The case of one of the nation’s deadliest bank robberies, in which five people were left dead, was complicated Friday after a Nebraska State Patrol trooper who helped investigate the robbery committed suicide.

MADISON, Neb., Sept. 27

A POLICE OFFICER testified Friday that the gunmen in the robbery of a U.S. Bank branch in nearby Norfolk walked in with guns blazing, and within 40 seconds all five victims had been shot in the head.
       Asked why they opened fire, one of the suspects would say only, “It went to hell in the bank,” Capt. Steve Hecker said during the first court appearance for the four men. All were denied bail.
       The dramatic testimony came one day after the slayings touched off a manhunt across northeastern Nebraska.
       According to Hecker, one of the suspects cased the inside of the bank, then walked out and used a walkie-talkie to relay the location of the employees to the others, who started shooting as soon as they stormed in.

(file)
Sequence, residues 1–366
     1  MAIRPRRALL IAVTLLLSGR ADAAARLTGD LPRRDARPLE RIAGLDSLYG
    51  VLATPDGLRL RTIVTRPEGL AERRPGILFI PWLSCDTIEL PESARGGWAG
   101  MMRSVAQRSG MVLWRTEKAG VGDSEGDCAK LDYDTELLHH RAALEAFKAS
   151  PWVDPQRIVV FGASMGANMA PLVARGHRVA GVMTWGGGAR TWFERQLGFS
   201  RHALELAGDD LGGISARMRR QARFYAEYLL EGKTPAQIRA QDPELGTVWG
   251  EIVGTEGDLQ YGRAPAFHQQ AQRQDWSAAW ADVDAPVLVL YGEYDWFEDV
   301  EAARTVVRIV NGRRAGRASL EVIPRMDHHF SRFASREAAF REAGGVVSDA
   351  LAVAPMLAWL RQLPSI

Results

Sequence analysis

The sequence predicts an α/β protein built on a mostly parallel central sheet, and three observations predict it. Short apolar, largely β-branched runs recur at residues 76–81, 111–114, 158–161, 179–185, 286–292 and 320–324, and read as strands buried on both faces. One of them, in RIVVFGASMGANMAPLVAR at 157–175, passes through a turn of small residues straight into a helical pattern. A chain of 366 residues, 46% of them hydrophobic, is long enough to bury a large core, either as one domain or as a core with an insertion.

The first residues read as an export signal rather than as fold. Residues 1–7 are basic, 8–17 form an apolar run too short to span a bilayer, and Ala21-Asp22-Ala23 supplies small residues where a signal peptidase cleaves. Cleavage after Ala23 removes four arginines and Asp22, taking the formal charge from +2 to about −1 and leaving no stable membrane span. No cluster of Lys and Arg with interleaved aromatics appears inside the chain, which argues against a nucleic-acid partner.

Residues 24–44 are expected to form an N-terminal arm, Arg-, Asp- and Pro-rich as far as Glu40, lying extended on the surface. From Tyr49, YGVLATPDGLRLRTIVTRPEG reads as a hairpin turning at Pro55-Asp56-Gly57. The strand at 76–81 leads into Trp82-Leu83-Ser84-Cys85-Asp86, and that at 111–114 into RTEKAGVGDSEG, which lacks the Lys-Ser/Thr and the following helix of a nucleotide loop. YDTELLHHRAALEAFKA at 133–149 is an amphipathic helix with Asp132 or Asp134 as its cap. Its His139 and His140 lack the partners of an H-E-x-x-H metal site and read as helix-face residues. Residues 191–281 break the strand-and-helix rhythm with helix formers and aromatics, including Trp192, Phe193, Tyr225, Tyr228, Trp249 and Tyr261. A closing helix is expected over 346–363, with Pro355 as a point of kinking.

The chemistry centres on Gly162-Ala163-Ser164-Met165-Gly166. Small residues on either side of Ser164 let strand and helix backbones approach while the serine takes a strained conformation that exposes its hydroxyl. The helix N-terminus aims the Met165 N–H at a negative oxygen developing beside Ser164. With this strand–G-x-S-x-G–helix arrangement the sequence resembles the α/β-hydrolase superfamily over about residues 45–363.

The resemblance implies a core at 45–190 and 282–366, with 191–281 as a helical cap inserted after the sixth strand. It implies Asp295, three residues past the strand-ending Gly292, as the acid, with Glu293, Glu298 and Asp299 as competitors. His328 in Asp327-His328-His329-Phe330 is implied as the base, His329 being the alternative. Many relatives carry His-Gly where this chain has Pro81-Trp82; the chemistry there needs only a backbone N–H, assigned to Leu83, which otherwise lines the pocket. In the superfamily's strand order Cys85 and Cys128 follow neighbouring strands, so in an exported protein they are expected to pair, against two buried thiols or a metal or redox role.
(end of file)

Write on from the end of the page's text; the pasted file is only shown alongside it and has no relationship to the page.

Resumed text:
The three alleged gunmen were caught three hours later in a stolen pickup after stopping at a gas station 75 miles away. A fourth suspect, the alleged scout, was arrested late Thursday. All four men are from the area.
       All four suspects face five counts of first-degree murder, which carries a potential death sentence in Nebraska.
       
MYSTERY SUICIDE

Meanwhile, Madison County Attorney Joseph Smith said a state trooper who helped investigate the robbery killed himself “in connection” with the robbery.
       Authorities said that one of the suspects was pulled over Sept. 19 for a traffic violation and charged with carrying a concealed weapon, a 9mm gun. Authorities said State Trooper Mark Zach, 35, transposed two digits when entering the gun’s serial number into a police computer, a mistake that kept him from learning that the weapon had been stolen.
       The gun was confiscated, but Zach apparently felt responsible for not getting the suspect behind bars on a more serious stolen weapons charge, said Col. Tom Nesbitt, the State Patrol superintendent.